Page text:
Paying benefits to veterans of the wars that broke up former Yugoslavia hits budgets of all the breakaway states, but none harder than Bosnia, where the problem could cause financial collapse, experts and official say.
In all of the countries, veterans' groups are influential and have been closely linked to wartime political elites who awarded them with state payments in return for political support.
But unless a regional parliament in Bosnia passes laws on Tuesday toughening criteria for veterans' payments, it will lose badly needed budget support loans from international establishments and likely face financial collapse.
Bosnia's two regions, the Muslim-Croat federation and the Serb Republic carved from the opposing sides in the war, would have to slash their budgets and, in turn, face social unrest.
The situation is especially risky in the Muslim-Croat federation because about 40 percent of the budget goes for cash payments mainly to war-related categories such as veterans and families of fallen soldiers and the disabled.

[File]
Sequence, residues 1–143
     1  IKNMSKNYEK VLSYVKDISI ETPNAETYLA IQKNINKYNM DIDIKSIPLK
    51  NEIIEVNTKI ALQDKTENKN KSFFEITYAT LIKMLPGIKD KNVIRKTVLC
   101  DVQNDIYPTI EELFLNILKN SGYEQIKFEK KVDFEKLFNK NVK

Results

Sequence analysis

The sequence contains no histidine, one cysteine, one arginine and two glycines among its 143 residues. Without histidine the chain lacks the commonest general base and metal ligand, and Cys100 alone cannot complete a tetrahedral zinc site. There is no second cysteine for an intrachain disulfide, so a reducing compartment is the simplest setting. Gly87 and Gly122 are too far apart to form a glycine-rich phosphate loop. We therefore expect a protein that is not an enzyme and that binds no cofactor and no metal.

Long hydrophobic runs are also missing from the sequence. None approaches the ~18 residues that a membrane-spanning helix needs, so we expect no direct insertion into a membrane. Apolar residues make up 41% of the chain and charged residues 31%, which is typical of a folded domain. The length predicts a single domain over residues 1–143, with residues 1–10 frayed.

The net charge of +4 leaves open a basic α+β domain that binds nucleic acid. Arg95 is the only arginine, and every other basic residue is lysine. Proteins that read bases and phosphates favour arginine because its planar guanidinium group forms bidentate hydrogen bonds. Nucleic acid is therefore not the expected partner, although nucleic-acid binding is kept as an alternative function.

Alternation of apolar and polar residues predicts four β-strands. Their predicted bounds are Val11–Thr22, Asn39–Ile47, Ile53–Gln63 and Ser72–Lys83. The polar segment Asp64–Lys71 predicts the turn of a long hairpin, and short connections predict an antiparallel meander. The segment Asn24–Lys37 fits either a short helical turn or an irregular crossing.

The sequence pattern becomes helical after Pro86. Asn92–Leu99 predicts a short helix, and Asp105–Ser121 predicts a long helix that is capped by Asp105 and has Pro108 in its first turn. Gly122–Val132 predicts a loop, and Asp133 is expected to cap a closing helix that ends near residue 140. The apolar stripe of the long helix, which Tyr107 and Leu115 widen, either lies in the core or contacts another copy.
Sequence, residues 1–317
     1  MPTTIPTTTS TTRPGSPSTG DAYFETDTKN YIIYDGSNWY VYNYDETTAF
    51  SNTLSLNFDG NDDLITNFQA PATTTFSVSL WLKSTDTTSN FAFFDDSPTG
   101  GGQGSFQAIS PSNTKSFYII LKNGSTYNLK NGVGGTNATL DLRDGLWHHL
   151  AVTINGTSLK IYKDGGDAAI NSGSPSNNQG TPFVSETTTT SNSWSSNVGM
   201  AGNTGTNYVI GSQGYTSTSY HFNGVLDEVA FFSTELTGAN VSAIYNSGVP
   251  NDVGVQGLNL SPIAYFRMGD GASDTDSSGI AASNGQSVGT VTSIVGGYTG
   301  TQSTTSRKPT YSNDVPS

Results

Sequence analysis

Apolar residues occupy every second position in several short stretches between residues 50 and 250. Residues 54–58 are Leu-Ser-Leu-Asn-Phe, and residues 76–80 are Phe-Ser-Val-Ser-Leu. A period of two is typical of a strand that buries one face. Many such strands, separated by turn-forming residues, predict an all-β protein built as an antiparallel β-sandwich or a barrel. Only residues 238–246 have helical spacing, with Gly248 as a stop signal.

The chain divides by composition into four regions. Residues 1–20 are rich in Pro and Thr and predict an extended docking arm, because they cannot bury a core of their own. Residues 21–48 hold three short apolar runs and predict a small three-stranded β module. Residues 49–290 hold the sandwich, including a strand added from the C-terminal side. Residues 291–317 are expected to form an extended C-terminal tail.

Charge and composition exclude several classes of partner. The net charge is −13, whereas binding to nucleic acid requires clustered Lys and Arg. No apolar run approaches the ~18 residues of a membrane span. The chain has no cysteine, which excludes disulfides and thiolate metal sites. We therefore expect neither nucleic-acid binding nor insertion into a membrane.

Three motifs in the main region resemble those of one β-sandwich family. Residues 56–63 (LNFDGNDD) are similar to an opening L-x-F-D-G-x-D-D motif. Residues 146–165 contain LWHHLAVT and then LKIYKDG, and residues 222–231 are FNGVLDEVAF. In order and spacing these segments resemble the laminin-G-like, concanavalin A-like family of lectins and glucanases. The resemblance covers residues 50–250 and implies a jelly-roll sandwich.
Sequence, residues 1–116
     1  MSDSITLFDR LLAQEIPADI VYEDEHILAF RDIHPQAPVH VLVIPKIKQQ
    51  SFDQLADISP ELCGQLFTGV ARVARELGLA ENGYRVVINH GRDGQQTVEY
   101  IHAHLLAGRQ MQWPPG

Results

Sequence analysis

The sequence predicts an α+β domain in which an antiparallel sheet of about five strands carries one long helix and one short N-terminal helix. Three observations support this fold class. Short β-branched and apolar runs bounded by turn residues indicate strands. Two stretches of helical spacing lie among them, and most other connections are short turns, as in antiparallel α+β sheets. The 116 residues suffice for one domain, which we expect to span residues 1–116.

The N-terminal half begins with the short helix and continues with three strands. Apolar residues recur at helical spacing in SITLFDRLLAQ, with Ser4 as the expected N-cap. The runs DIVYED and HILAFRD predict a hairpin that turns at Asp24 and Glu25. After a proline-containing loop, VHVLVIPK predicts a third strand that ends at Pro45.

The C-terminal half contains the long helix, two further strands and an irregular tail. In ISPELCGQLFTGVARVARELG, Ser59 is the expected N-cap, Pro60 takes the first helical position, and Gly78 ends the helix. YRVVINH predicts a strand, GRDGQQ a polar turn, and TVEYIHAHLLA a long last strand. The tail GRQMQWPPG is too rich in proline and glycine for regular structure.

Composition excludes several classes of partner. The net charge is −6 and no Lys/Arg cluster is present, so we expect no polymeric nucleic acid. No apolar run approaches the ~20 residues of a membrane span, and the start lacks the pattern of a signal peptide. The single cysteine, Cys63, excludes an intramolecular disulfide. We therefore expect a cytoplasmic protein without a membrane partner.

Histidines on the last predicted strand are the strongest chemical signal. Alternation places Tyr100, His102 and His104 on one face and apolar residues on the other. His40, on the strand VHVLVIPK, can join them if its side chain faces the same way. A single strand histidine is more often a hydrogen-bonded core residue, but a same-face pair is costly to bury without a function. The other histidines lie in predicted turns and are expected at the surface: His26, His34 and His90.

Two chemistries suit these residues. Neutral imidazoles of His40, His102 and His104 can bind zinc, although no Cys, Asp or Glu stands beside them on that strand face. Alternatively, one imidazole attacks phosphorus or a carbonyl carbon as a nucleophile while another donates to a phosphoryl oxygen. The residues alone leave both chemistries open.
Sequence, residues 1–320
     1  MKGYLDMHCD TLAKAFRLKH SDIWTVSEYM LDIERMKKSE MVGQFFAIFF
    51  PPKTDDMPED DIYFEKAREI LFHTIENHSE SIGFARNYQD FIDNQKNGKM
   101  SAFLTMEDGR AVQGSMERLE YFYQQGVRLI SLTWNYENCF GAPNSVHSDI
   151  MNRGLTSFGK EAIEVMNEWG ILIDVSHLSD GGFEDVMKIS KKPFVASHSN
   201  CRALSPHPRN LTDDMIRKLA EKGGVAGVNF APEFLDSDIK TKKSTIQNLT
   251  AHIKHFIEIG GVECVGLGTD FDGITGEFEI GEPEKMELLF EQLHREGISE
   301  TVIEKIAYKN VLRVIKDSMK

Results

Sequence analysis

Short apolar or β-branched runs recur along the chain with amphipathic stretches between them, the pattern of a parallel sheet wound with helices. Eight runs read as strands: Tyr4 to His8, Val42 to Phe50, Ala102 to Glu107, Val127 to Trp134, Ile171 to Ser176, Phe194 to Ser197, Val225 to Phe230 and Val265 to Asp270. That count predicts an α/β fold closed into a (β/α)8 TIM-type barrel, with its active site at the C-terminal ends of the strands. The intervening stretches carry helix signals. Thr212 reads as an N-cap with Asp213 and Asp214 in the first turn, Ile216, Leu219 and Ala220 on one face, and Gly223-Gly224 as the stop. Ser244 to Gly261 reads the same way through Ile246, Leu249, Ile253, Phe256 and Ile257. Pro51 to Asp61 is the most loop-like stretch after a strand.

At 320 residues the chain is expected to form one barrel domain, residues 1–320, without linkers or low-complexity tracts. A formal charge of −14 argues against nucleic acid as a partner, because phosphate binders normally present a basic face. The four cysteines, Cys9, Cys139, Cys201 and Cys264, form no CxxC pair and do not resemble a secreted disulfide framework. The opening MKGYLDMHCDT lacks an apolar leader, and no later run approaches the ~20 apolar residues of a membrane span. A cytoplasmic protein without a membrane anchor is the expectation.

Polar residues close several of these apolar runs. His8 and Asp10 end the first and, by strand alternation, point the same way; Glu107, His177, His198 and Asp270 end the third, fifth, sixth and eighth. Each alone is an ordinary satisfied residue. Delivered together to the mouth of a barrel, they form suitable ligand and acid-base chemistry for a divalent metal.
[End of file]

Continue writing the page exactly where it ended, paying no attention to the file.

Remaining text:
In Croatia, a country of 4.4 million people, about 4.3 percent of Gross Domestic Product goes for welfare benefits -- the highest percentage in Eastern Europe, the World Bank says.
In Serbia and its ex province of Kosovo, the state pays benefits only to those disabled in fighting and to families of fallen soldiers and civilians, but not to war veterans.
In Kosovo, where four out of five prime ministers fought in the war, the impact of around 25,000 veterans is strong as all political parties want their support.
ReutersLast Mod: 23 Şubat 2010, 08:18